Mitch Raposo

Photo courtesy of Raposo's Facebook page.

Mitch Raposo prepares for last amateur fight on October 13, looks forward to turning pro soon

On October 13, when he rematches David Durao for the AMMO Fight League flyweight title, Mitch Raposo plans to make his last walk to the cage as an amateur fighter. At only 19 years old, Raposo has gathered the hype on the local scene typically reserved for professionals who are about to make the jump to the big show. To help him take the next step, Raposo has signed with Top Game Management, led by Tyson Chartier who works with the likes of UFC fighters, Rob Font and Kyle Bochniak. Raposo. For Raposo, it’s been a long time coming and a great fit.

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“It’s insane,” said Raposo.

“Me being the first amateur even signed (by Top Game) usually if you have a manager you’re a pro and you’re established. We’ve been in talks managing me since like my third amateur fight, it definitely means a lot. I think its just all the hard work I’ve put in and I think Tyson realizes my talent and I think I realize how legit he is. Not even how legit he is as a manger but how good of a person he is too and how we just click. We wouldn’t be able to sign with him if he didn’t click with my coaches.”

His new manager Tyson Chartier, not only believes he is the best amateur fighting today but that he could fit in the UFC’s flyweight division right now.

“Simply enough, I’ve never seen a more skilled, complete amateur fighter than Mitch Raposo. When you consider his age, it’s even more amazing. Mitch has a huge amount of potential. I firmly believe he could compete in the UFC’s flyweight division right now; he just needs to get some pro fighting experience, and he’ll be representing New England in the UFC’s Octagon before you know it. What’s even better is Mitch is an awesome guy. It’s a pleasure working with him, and fans of MMA are going to love him.”

As Raposo previously said, the signing between the fighter and the manangement company has been talked about for a while now. But he believes now is the right time because he plans on making the jump to the professional level after his upcoming fight.

“I would say it’s the right time just based off that where it’s been going, after this one I’m going to make the jump to the pro level. It’s the perfect time for me to get this going and have him by my side and it carries all my momentum going into the pro level.”

But before he makes that jump, he has to take care of business at the amateur level. On October 13, Raposo will look for his second amateur title when he faces David Durao in a rematch from his pro debut. This matchup is coming a little over a month after Rapso defended his Cage Titans title in a rematch against William Graustuck, whom he defeated by unanimous decision once again.

During his “rematch tour,” Raposo is anxious to prove he is no longer tentative and going for the finish.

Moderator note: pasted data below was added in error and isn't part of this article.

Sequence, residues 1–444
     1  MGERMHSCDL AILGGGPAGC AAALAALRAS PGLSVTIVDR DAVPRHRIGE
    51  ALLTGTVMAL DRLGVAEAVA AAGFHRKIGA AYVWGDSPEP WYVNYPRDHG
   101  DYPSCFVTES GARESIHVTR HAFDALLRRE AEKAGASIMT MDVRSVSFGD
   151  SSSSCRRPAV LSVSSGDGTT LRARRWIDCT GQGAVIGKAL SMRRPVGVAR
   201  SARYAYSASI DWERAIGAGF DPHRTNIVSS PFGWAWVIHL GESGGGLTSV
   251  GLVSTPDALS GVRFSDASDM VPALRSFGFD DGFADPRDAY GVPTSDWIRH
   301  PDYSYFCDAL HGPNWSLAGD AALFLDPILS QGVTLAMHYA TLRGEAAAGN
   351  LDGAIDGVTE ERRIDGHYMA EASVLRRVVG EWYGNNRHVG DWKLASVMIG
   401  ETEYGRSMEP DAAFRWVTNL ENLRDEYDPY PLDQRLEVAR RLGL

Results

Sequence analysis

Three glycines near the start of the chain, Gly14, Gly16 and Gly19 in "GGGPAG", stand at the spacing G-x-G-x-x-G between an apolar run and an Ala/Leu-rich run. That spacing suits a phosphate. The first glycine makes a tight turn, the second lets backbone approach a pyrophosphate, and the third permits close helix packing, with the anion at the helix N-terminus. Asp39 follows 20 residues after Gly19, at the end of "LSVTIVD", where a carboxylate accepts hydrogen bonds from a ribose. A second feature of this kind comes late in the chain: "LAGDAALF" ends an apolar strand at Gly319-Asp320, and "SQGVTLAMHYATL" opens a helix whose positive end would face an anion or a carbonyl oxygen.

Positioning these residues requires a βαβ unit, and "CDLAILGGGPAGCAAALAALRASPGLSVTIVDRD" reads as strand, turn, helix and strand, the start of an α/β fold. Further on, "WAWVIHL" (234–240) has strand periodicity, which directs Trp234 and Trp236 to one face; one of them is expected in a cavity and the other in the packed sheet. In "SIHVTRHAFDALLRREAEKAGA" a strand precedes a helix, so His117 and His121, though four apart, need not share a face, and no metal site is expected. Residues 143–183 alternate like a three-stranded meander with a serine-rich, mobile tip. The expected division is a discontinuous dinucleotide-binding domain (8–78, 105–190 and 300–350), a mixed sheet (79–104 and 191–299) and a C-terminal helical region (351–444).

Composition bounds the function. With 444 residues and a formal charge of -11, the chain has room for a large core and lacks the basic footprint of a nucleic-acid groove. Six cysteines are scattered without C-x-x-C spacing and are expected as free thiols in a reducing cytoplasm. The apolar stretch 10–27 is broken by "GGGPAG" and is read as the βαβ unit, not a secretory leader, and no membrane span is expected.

“Watch my first three amateur fights, I’m a lot more tentative, my ground game, I’m not really passing, I’m not letting go. My last couple fights, I’m going for the kill, I’m putting a relentless pace and just mauling on them. And I’m fighting the best dudes around, there is no doubt about that, I’m fighting everybody and anybody, I’m fighting skilled guys.”

Though he is not tentative anymore he hasn’t been able to get a finish which made him not thrilled with his performances, especially in his last fight. However, he can live with it if that’s the only criticism of him.

“I was very upset about not finishing, but at the end of the day, I’m 5-0, I’m 19 years old, I haven’t lost a round, I’ve been hit once in five fights. If the only criticism about me is that I haven’t finished a fight, well, guess what, the finishes are gonna come.”

He expects the finishes will come not only in his next fight but as a pro as well.

“I think as soon as I go to the pro level I’m going to have much more weapons, I’m going to have longer rounds, it’s much easier to take a punch to the face than an elbow to the face.”

“I think I’m built for the pro level.”

Now though, his attention is fully on David Durao, who he had an exciting fight with the first time, but is looking for a more definitive victory in the rematch.

“The first fight was definitely exciting between me and David. He’s an aggressive dude and he pushed the action and forced me to counter and react, I wasn’t dominate but it was fight of the night. It’s known now that I get more comfortable. I think it’s just going to be the same thing.”

The one difference in this fight from their last one Raposo says is his confidence.

“I was an 18-year-old kid, I was very gun shy, now I have all the confidence in the world going into these fights. I know have what it takes to beat all these guys. I’m a completely different animal, it’s going to be even more dominant.”

And if he the fight goes according to plan, don’t expect to wait long to see him back in the cage as a professional.

“I’m going right away, whenever I can go. I’m ready for it, I have an endless gas tank, I don’t think my coaches are worried about me going longer rounds, I think I’m built for that. At the end of the day, as soon as I can get a pro fight and the right matchup from my manager, he’ll let me know, I’ll be in there right away. I’m trying to get three fights by next spring.”

The 19-year-old is taking inspiration from other young fighters like Chase Hooper who fought on the Contender Series, Raposo believes he can do the same thing.

“Seeing people like that getting development deals, I’m right there, I know I’m right there.”

Now all Raposo has to do is win one more fight as an amateur and the next part of his career will begin.

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